- Starting with the side of the cake without the design, carefully roll up the warm cake in the towel. Doing this while the cake is still warm will give the cake a 'muscle memory' and allow you to roll it up later with the filling without it cracking.
- Let rolled cake cool for about 1 hour or until completely cool to the touch.
- Meanwhile, to make filling, in a small bowl, sprinkle gelatin over 1 tablespoon cool water and let soften for 5 minutes. Microwave the mixture in short, 5 second increments until the gelatin is completely dissolved and liquefied. Let cool slightly (but don't let it firm up, if it does, microwave it again).
- In a food processor or clean coffee/spice grinder, pulse freeze dried strawberries together with sugar until very finely ground.
- Place whipping cream in the bowl of a stand mixer fitted with the whisk attachment. Beat on medium speed until frothy, then add powdered sugar, increase to medium high and beat until the paddle starts to leave trails in the cream.
- Mix a spoonful of the partially-whipped cream into the bowl with the melted gelatin until completely incorporated, then, with the mixer running on low, add this back to the bowl with the rest of the cream. Add strawberry sugar mixture and increase speed to medium high, beating until cream holds medium-stiff peaks (take care not to overbeat).
- Carefully unroll cake and remove towel. You may need to hold it with your hand as it will try to roll back up (see, muscle memory!) Spread filling into a thin even layer over the whole cake, leaving about 1/2 inch bare at the far end. You may not need all of the filling, depending on how thick a layer you want.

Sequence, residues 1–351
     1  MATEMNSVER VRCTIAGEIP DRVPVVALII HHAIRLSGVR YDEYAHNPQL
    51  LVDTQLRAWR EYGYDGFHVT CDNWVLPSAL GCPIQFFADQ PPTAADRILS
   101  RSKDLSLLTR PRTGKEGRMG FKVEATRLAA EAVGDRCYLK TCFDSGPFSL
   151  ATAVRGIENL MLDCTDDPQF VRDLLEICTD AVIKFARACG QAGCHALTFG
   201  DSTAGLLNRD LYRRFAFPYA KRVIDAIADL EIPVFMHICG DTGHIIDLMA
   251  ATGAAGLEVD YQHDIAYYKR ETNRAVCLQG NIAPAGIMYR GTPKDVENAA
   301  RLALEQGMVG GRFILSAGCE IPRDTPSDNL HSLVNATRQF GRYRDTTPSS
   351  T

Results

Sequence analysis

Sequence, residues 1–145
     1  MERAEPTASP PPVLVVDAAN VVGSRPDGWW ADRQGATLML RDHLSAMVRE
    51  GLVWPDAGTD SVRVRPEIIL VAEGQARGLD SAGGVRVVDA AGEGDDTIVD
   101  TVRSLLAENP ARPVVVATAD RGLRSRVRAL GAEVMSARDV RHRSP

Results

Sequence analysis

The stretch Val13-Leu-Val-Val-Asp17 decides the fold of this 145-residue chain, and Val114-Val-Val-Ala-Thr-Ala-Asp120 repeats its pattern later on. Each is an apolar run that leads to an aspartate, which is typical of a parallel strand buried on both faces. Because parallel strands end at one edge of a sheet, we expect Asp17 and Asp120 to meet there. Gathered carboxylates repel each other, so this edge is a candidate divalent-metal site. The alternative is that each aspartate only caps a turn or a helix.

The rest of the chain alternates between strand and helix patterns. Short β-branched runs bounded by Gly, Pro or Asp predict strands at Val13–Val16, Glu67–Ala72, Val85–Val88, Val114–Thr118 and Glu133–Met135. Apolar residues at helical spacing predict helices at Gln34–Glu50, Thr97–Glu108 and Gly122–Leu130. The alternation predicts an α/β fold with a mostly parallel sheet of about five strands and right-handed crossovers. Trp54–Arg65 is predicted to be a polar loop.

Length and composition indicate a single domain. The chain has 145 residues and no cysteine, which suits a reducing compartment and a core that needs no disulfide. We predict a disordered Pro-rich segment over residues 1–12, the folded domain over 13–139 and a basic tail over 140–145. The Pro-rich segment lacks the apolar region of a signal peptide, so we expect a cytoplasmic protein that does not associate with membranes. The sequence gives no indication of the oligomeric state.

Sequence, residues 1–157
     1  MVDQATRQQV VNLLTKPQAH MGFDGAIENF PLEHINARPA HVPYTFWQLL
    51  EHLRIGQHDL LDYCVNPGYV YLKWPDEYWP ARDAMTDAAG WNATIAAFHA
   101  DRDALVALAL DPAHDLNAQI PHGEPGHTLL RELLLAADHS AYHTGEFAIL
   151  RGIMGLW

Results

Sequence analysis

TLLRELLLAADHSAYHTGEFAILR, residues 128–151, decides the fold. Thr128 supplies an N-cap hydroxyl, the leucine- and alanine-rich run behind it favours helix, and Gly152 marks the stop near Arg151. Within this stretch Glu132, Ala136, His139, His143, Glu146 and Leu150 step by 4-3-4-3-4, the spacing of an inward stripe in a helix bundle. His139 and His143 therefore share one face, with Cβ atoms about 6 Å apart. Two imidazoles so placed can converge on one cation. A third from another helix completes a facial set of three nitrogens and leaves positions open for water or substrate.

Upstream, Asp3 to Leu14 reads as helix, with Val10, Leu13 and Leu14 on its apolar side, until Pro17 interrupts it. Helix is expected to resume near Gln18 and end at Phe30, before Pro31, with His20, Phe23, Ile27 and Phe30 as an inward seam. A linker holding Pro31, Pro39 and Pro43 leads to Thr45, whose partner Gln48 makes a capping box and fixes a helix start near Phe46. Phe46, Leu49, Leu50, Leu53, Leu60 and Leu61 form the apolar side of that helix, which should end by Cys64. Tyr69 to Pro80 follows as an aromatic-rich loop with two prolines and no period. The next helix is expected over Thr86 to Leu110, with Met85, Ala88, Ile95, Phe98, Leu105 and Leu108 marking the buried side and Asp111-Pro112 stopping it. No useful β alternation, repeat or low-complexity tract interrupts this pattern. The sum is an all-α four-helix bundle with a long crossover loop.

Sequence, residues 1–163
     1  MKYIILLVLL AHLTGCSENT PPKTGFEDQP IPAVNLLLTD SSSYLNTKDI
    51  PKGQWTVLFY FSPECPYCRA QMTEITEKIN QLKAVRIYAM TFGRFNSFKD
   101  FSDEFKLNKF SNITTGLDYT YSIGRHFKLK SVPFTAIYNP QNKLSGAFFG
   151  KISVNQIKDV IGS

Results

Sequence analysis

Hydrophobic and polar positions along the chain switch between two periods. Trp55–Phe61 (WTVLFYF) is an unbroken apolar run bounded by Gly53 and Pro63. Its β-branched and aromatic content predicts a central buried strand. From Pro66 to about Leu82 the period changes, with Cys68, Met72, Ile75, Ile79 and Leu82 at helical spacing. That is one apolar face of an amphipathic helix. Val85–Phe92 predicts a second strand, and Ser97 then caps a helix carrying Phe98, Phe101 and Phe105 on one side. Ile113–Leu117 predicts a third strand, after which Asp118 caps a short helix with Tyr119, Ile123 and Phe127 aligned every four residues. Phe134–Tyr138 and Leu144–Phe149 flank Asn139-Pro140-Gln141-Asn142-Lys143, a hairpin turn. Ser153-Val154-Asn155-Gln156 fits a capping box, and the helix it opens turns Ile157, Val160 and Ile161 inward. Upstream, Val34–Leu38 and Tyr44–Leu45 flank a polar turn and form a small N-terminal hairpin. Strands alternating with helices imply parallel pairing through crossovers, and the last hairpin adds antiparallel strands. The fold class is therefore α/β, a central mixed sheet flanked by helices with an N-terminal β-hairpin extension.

- Gently roll up the cake, taking care not to use too much pressure lest the filling squeeze out the sides. Wrap tightly in plastic wrap and refrigerate for at least 2 hours or overnight, until filling is set. If you happen to have a cardboard tube lying around, place your cake roll in the tube to keep the bottom from flattening out as it chills (I used a 3 1/2-inch-diameter tube for a whiskey bottle and it was the perfect size).
- To serve, cut into slices with a sharp serrated knife (the design bits are harder than the cake itself. The slices will look best if you cut using a sharp serrated knife, pulling the knife gently towards you, letting the weight of the knife do the cutting; it may take a few strokes to get through the firmer design parts. Try not to saw back and forth or press down or the design will compress into the cake).
- Cake roll will keep, tightly wrapped and refrigerated, for up to 3 days.
- *Cake flour is very important for this recipe to work (AP is just too heavy and you'll end up with a super thin, dense layer of cake instead of a light and fluffy one).
If you want to replicate my design exactly, download the printable PDF template below. Letter-size paper is a bit smaller than a standard jelly roll pan, so you can either print multiple pages to fill the pan, or move the paper around underneath the parchment as you go along.